I’ve recently found a few more anime I thought I’d recommend. Each one offers something interesting, and I think all of them worth checking out.
The first offering is a movie that caused something of a stir when it wasn’t nominated for Best Animated Film, “Maquia: When the Promised Flower Blooms” (Japanese: “Sayonara no Asa ni Yakusoku no Hana o Kazarō”). At an one hour, fifty-five minutes, this isn’t some movie you can just sit down and turn your brain off to watch. Maquia, the title character, is a young girl of a nearly immortal race, the Iorph. Her people weave the tale of their years into fabric, the patterns of which they can read as we would a book. As the movie opens, she is alone, with no family, but her loneliness is to become more profound. A group of mortal humans invade, seeking to gain the immortality the Iorph possess by stealing women to breed with. These humans attack with the aid of dragons they hold in captivity, and when one of them goes mad during the invasion, Maquia become entangled in the cloth her people wove and is carried away by it.
When she recovers her senses, she is in the woods, alone, and seeing the flames of her homeland in the distance, is prepared to leap from a cliff to her death. At that moment, she hears a child crying. Maquia follows the sound to a village who’s inhabitants have been slaughtered. In one structure she finds a dead mother still clutching her living child. Maquia saves the mortal child, vowing to protect it and do her best to be a mother to it. She finds humans who takes her in, and despite her young age, helps her as she undertakes the raising of the boy she names Ariel.
I won’t go into the details so as not to spoil the movie. I will say that I enjoyed it because it examines a lot of themes I find interesting. Immortality, and the strains such a life would impose on someone who possessed it. Tolerance, or more precisely, humanity’s unwillingness to tolerate those who aren’t ‘normal’. And most of all, the danger of those who grasp for power without understanding the consequences of their actions. Sadly, it’s out of the theaters now, and not all that easy to find available online. But it is available on DVD/Blu-ray, so if you can’t find it online, I would highly recommend buying it.
The next two anime I’d like to bring to your attention are currently being streamed via Crunchyroll, so if you choose to watch either, they’re not hard to find. The first is “Magic Girl Spec-Ops Asuka” (Japanese: “Mahō Shōjo Tokushusen Asuka”). The ‘magic girl’ concept is something of a sub-genre in anime. It usually involves a young girl, usually not out of her early teens, who is suddenly endowed with magical powers that she uses to fight monsters and other evil. Normally, there is little of the actual horrors of war and fighting, and “Magic Girl Spec-Ops Asuka” steps into that void to ask the question what happens to the little girl who has to face all that? Asuka, the title character, was among a group of eleven young girls from around the world who were given magical powers to fight the Disa, a group of extra-dimensional invaders. While they look like over-sized stuffed toys, the Disa are ruthless killers, and of the original group of 11, only five survive to see the invaders driven off. Asuka leads the group of survivors in the final battle, and with the war over, she tries to go back to a normal life. Unfortunately for her, just as for many warriors coming back from our own wars, the things they saw, the things they were forced to do in combat, are never far from the present day. Dealing with PTSD is the battle she fights at the beginning of the series, but it soon become clear that just like the nuclear ‘secret’, the ability to turn magic to evil purposes has escaped into the world. Asuka is forced to return to her role as a warrior to face the growing threat. This is no laugh-a-minute comedy. Asuka’s made friends, and they are soon dragged into the conflict. One nearly dies in a confrontation with escaped criminals armed with magical abilities. Another is captured and tortured because her father had helped catch those same criminals. It’s dark stuff, but the series deals with it not for the shock value, but because modern warfare is filled with horrors as bad or worse. Well worth checking out.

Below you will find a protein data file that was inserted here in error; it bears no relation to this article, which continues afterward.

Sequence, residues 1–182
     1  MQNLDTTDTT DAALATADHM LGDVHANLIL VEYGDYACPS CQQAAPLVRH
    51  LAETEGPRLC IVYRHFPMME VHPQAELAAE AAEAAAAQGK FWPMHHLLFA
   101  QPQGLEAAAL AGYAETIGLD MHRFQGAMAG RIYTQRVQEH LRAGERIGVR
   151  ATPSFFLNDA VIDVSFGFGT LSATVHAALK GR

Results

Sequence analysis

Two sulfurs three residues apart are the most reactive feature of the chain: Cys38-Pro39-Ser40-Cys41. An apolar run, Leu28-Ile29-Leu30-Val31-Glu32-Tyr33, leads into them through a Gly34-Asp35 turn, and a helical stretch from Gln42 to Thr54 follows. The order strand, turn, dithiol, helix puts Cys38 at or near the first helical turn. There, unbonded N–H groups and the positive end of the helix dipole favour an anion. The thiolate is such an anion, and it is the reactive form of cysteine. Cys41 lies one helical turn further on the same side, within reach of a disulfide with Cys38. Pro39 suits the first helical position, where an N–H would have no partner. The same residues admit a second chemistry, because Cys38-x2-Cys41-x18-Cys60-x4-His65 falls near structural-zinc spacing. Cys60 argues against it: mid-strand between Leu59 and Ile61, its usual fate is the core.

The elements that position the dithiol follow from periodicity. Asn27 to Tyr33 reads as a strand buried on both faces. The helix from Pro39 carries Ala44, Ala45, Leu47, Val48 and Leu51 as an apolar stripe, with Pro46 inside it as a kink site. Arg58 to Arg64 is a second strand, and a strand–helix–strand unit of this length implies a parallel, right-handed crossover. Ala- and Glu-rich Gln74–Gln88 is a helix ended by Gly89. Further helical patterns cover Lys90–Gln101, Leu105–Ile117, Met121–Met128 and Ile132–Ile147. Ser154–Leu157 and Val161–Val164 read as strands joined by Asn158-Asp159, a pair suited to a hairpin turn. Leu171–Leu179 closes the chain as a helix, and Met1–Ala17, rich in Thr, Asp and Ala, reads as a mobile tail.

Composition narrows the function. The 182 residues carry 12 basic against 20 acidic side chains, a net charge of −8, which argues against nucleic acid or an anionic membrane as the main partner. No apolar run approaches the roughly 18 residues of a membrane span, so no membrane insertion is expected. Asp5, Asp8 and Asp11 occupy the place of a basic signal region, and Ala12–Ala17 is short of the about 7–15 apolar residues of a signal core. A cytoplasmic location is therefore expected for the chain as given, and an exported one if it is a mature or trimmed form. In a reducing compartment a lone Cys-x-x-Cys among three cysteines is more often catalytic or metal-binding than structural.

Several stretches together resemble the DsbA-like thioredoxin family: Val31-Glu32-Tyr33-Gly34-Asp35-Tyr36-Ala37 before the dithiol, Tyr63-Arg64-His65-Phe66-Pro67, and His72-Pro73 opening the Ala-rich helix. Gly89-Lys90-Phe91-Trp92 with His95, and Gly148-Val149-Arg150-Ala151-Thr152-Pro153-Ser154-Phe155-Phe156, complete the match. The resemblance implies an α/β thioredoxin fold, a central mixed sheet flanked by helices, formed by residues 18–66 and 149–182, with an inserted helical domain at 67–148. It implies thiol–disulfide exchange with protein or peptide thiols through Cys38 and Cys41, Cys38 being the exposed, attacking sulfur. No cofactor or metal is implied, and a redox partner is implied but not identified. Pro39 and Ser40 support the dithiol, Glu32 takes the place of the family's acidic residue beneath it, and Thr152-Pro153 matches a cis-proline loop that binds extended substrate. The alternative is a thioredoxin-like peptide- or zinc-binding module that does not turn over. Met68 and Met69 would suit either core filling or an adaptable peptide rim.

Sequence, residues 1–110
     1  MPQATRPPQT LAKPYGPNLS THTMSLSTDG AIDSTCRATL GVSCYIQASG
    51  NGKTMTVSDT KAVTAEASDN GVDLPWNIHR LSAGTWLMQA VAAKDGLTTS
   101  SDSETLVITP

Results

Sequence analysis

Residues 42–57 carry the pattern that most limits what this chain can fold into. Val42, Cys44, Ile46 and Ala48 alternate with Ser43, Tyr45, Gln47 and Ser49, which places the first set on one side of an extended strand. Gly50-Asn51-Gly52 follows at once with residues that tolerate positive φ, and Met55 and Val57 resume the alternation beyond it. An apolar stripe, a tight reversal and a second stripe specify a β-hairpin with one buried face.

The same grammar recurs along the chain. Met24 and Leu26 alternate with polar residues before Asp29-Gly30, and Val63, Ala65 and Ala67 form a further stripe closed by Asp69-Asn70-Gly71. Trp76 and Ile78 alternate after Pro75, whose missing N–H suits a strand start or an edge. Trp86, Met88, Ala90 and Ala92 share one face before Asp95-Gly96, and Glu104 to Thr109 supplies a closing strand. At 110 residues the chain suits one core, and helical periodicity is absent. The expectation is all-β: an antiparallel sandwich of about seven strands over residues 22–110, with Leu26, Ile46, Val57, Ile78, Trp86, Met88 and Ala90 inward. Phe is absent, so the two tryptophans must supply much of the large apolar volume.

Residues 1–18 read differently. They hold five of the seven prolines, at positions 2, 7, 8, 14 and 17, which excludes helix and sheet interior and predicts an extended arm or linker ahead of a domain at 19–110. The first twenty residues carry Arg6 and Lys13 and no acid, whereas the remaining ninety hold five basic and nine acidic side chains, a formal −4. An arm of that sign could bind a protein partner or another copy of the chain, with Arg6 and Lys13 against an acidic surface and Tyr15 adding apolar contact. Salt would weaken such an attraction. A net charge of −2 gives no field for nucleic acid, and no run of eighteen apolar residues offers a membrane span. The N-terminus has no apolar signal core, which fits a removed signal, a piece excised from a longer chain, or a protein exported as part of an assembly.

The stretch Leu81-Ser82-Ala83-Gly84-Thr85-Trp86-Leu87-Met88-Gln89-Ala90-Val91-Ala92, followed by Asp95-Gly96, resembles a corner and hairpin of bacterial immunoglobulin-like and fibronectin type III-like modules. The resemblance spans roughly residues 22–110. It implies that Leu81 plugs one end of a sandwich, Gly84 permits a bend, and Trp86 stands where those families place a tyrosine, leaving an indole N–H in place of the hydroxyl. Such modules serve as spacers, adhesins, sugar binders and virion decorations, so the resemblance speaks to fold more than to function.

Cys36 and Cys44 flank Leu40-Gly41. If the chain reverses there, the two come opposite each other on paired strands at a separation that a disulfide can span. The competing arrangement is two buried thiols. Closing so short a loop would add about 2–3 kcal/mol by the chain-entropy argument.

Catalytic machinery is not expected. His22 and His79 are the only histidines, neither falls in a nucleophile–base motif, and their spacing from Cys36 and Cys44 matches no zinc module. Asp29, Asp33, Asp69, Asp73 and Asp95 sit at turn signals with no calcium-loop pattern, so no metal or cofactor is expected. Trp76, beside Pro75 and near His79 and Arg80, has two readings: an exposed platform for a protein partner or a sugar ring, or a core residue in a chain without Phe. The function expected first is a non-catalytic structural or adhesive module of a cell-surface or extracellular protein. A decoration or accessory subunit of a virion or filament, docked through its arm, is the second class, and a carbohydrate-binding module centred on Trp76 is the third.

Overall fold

On a far less serious front, I’d like to offer “Kaguya-sama: Love Is War” (Japanese: “Kaguya-sama wa Kokurasetai – Tensai-tachi no Ren’ai Zunōsen”). Another sub-genre in anime is school romance. Often, these are comedies about the confused emotions of high school students, and this one takes that notion up several notches. Kaguya Shinomiya and Miyuki Shirogane the top students at their high school, and respectively the vice-president and president of the student council. Each one is in love with the other, yet both of them are too proud to speak up for fear that such a confession would be a sign of weakness to the other. What results is a series of attempts by the two protagonists to get the other person to actually confess their feelings. Some of the humor is decidedly low-brow (like when Chika Fujiwara, the student council secretary and generally clueless noob who acts as a comedic foil to the main characters, discovers that Kaguya laughs uncontrollably when the word ‘wiener’ is said), but then again, the entire premise is to strive for a good innocent laugh at the expense of the haughty main characters. Watch it if you’re in need of a good chuckle.